Many will have heard Gerry Kersey as a d.j. and interviewer on various radio programmes. He was born in Shiregreen in Sheffield before WW2. At 18 he was called up for National Service and was drafted into the RAF as a telephonist. This was good training for a future in radio. Gerry can be heard on Radio Sheffield at 4.00pm on Sunday afternoons in his programme “Musical nostalgia and chat”.
He has always been interested in people and loves a chat. He is a talented amateur artist as well as a keen amateur dramatic actor and singer.
His storey for his talk about comedy started in 1966 when he was working in the p.r. section of Cintride Ltd and was organising an exhibition stand at Olympia in London. On this stand he met a number of celebrities of the time including Stirling Moss and Robert Beatty. At the time Ken Dodd was a rising star with his tickling stick. Gerry had the idea of making a tickling stick out of carbide tipped product and pink feathers. He then put the word out and attracted Ken Dodd to the stand. Gerry was rewarded with a ticket to see him in his show “Doddy’s here”. He ended up drinking in the no. 1 dressing room with Ken and others and became hooked on the comedy side of show business.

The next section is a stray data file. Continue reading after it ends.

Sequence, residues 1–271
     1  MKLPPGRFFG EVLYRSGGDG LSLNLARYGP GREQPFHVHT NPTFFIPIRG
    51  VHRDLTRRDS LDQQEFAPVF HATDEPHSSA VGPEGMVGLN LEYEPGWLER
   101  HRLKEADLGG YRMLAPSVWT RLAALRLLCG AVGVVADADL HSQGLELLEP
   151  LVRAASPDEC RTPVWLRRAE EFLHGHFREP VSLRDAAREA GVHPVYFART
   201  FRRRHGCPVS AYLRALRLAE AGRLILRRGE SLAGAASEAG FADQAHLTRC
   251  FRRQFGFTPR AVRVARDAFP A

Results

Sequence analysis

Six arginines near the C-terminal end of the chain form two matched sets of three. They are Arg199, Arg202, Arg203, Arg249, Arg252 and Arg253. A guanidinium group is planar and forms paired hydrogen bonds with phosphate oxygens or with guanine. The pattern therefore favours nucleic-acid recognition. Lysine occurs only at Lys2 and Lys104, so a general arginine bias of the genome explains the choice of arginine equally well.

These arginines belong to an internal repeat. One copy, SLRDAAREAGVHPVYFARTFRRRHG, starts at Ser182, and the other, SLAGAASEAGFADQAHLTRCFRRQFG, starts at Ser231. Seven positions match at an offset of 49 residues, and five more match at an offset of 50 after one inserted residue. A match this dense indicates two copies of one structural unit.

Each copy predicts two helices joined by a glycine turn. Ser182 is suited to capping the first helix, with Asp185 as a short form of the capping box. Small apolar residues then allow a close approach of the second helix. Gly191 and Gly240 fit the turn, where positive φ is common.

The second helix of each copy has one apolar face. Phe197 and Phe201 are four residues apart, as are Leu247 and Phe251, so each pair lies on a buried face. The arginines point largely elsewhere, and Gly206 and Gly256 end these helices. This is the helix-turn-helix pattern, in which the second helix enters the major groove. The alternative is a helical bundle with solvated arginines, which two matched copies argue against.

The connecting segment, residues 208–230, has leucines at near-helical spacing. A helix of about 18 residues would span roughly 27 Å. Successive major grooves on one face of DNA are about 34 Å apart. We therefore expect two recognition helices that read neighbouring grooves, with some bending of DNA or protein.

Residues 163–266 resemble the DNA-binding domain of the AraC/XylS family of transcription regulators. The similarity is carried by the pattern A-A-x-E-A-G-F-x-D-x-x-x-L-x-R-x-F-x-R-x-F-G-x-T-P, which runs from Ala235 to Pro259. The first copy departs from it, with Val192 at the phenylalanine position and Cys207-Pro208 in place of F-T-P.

Gerry quite fancied becoming a stand-up comic. His chance came when he was offered the first slot for the Christmas Show at the Highcliffe Club in Sheffield. He bombed and realised that he really didn’t want to spend his life like that but he was still fascinated in the mechanics of making people laugh. During his radio career he interviewed many famous comics and they built up his knowledge of the subject. There are no books about the subject, it can only really be tested on stage.
Gerry defined at least ten different types of laughter. As people get older they tend to develop a recognisable laugh and you can sometimes recognise the laugh of somebody behind you. In the 1950’s quite often people were planted in audiences to encourage laughter. When listening to recordings of these shows one can often recognise the same distinctive laughter from one show to another.
In wartime there seemed to be a great need for joke telling and Gerry was aware of the dark side of comedy, he mentioned Tony Hancock and Kenneth Williams deaths. On the bright side everybody remembers a host of comics from the past with affection. Gerry’s favourite was probably Tommy Cooper and he noted that several comics he interviewed all held Tommy as their model. A comic he came to admire was Bob Monkhouse who studied and had vast knowledge about making people laugh.
Gerry noted that there is a difference between appearing before a live audience where you receive applause at the end of the performance and many tv shows and films where recognition comes later. For Gerry he loves to dwell in the past as it can’t get any worse and can’t do more harm.
He examined ten or more different types of comedy giving examples of each. His talk was littered with jokes and was thoroughly enjoyed by his audience who left with smiles on their faces.